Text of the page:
Alcopal drink-driving drug should be banned
A drug that can 'beat' a breathalyser test shouldn't be on sale, argues CJ Hubbard
A man in Birmingham has begun selling a pill that can, he says, help drink-driving motorists beat a breathalyser test. This is at once indefensibly stupid but also apparently entirely legal, and as a result I suppose rather enterprising as well.
64-year-old Arthur Kibble is the man responsible for introducing the “Alcopal”, which you can order (in amusingly unspecified amounts) via a website I’m not going to name here. The pill has already been banned in the US, but is not currently illegal in the UK; manufactured in India, supposedly it works by preventing alcohol from being absorbed into the bloodstream, and supposedly it is entirely safe.
Getting ripped off buying these would be karma
I don’t actually care whether the Alcopal is snake oil – getting ripped off buying these would be karma coming back to bite you. Similarly, I don’t even particularly care whether it’s harmful. At the risk of sounding like Mary Whitehouse in her prime, it’s the very principle that utterly alarms and disgusts me.
Alcohol has a proven degrading effect on the ability of the human being to operate a motor vehicle. Given many of us apparently have enough trouble driving responsibly with this without any form of definitively inhibiting influence, anything that interferes with the police’s power to catch and prosecute drink-drivers can only be labelled reprehensible.
The opportunity to drive is not a right, it’s a privilege – and it comes with responsibilities that should be taken extremely seriously. First and foremost of these is a duty of care to your fellow road users, and in order to respect this you need to be in complete control of your own vehicle.
Saying "everybody does it" doesn't wash from any moral perspective
Imbibing alcohol is a prime example of violating that duty of care – and while it may not be the only example, it is an easily avoidable one: don’t drink and drive.
Kibble’s spectacularly immature justification that “everybody does it” (speaking to the Daily Mail) really doesn’t wash from any kind of moral perspective. The UK already has one of the most lax legal alcohol limits for driving in Europe – 35 micrograms per 100ml of breath – so it’s not as if we’re even zero tolerance. Attempting to help drivers get away with drinking more is just awful.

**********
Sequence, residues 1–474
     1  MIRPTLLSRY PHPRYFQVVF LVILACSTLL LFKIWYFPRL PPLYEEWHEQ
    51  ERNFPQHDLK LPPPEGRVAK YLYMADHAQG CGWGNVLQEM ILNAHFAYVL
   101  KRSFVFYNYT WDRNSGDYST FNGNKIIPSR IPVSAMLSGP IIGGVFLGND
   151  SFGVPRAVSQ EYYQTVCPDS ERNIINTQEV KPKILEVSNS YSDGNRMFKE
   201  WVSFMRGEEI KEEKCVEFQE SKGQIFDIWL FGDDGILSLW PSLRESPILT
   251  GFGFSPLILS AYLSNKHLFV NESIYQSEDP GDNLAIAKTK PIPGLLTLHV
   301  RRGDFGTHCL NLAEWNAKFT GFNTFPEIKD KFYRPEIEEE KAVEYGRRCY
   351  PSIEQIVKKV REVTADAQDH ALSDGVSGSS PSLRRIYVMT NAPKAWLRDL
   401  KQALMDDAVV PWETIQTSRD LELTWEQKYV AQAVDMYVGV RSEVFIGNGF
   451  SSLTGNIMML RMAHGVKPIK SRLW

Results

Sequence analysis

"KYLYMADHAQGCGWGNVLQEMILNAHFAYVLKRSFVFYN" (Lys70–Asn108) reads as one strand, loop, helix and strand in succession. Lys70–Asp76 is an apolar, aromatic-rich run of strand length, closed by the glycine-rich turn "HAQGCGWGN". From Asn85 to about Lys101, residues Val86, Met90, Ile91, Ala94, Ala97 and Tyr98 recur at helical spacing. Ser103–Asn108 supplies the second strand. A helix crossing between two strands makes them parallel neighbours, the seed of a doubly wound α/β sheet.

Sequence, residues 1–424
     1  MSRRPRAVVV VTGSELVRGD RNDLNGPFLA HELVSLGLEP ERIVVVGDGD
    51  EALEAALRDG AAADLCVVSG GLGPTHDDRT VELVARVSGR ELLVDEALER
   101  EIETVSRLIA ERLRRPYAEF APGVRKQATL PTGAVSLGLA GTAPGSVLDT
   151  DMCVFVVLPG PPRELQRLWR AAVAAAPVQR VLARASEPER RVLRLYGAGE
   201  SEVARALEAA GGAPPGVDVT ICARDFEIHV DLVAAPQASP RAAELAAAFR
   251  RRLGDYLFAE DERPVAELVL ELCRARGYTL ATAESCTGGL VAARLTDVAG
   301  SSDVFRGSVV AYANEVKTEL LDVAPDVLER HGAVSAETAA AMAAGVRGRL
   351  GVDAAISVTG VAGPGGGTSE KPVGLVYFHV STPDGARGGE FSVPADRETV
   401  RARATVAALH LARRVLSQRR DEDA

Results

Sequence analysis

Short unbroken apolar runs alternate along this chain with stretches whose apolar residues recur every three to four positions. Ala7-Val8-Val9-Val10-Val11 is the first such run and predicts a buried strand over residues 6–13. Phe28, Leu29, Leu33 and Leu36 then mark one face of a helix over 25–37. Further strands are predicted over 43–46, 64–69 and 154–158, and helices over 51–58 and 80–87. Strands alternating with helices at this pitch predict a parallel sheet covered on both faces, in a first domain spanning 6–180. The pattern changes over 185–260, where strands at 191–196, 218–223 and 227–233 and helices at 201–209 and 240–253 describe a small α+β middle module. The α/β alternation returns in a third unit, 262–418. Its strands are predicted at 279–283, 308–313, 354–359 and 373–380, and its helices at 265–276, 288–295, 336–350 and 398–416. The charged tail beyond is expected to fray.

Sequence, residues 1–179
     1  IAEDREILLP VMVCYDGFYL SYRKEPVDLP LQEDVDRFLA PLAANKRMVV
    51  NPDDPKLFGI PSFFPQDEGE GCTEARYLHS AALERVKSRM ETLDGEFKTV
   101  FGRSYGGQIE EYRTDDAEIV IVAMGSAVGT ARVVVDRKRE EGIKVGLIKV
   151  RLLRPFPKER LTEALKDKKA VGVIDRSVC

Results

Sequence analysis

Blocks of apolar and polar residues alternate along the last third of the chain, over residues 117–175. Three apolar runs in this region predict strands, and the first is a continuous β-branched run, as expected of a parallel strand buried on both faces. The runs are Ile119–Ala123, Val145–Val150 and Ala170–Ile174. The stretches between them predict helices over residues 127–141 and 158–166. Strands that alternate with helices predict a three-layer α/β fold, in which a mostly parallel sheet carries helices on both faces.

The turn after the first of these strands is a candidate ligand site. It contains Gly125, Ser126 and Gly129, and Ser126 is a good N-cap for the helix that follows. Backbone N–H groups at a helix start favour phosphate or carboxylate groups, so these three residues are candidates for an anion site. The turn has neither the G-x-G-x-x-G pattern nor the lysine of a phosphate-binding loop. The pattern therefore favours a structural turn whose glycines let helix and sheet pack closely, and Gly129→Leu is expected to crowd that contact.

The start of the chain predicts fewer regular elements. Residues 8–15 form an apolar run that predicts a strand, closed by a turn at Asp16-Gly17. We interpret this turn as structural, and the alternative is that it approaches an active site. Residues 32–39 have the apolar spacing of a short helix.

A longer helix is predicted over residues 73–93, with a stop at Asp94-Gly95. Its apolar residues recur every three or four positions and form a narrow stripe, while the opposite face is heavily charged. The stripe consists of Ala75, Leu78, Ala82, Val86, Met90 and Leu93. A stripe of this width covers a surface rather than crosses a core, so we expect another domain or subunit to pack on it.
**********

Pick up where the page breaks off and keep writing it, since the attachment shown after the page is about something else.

According to official government statistics, drink-driving deaths in the UK actually rose last year by 12% – the first increase in nearly a decade. Injuries both slight and serious also increased, meaning total drink-driving causalities are now just 100 shy of 10,000 a year. Putting this further into perspective, drink was involved in 15% of ALL fatal road accidents in 2011.
The number of alcohol violations has risen again
Alarmingly, this trend is continuing. Even though a recent police crackdown on drink-driving over the summer saw fewer arrests, the number of alcohol violations among those involved in accidents has risen again. These people should be stopped – educated if necessary – but certainly not given an opportunity to avoid the penalties they so thoroughly deserve.
A final word of warning to anyone now thinking the Alcopal sounds like a brilliant idea. It only claims to repress the detection of alcohol in breath; breathalysers are just one way the police are able to prosecute drink-driving offenders. And while it isn’t confirmed, I can only imagine that any attempt to create a false reading in these circumstances is unlikely to go down well in court…
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